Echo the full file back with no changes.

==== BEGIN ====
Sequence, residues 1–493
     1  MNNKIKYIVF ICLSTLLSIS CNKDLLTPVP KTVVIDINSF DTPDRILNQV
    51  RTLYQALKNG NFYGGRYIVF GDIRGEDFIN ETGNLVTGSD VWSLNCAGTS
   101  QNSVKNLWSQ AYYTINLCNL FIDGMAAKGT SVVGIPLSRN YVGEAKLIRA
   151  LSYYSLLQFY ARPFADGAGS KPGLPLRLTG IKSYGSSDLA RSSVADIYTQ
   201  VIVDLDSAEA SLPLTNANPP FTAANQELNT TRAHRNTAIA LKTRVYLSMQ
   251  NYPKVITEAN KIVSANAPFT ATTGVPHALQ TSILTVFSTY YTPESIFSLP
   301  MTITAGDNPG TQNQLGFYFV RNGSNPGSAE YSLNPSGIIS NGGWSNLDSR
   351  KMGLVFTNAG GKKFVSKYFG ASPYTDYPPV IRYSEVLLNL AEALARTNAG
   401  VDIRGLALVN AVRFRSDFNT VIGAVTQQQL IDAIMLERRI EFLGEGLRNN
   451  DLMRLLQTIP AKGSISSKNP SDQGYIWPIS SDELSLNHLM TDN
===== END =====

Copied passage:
Sequence, residues 1–493
     1  MNNKIKYIVF ICLSTLLSIS CNKDLLTPVP KTVVIDINSF DTPDRILNQV
    51  RTLYQALKNG NFYGGRYIVF GDIRGEDFIN ETGNLVTGSD VWSLNCAGTS
   101  QNSVKNLWSQ AYYTINLCNL FIDGMAAKGT SVVGIPLSRN YVGEAKLIRA
   151  LSYYSLLQFY ARPFADGAGS KPGLPLRLTG IKSYGSSDLA RSSVADIYTQ
   201  VIVDLDSAEA SLPLTNANPP FTAANQELNT TRAHRNTAIA LKTRVYLSMQ
   251  NYPKVITEAN KIVSANAPFT ATTGVPHALQ TSILTVFSTY YTPESIFSLP
   301  MTITAGDNPG TQNQLGFYFV RNGSNPGSAE YSLNPSGIIS NGGWSNLDSR
   351  KMGLVFTNAG GKKFVSKYFG ASPYTDYPPV IRYSEVLLNL AEALARTNAG
   401  VDIRGLALVN AVRFRSDFNT VIGAVTQQQL IDAIMLERRI EFLGEGLRNN
   451  DLMRLLQTIP AKGSISSKNP SDQGYIWPIS SDELSLNHLM TDN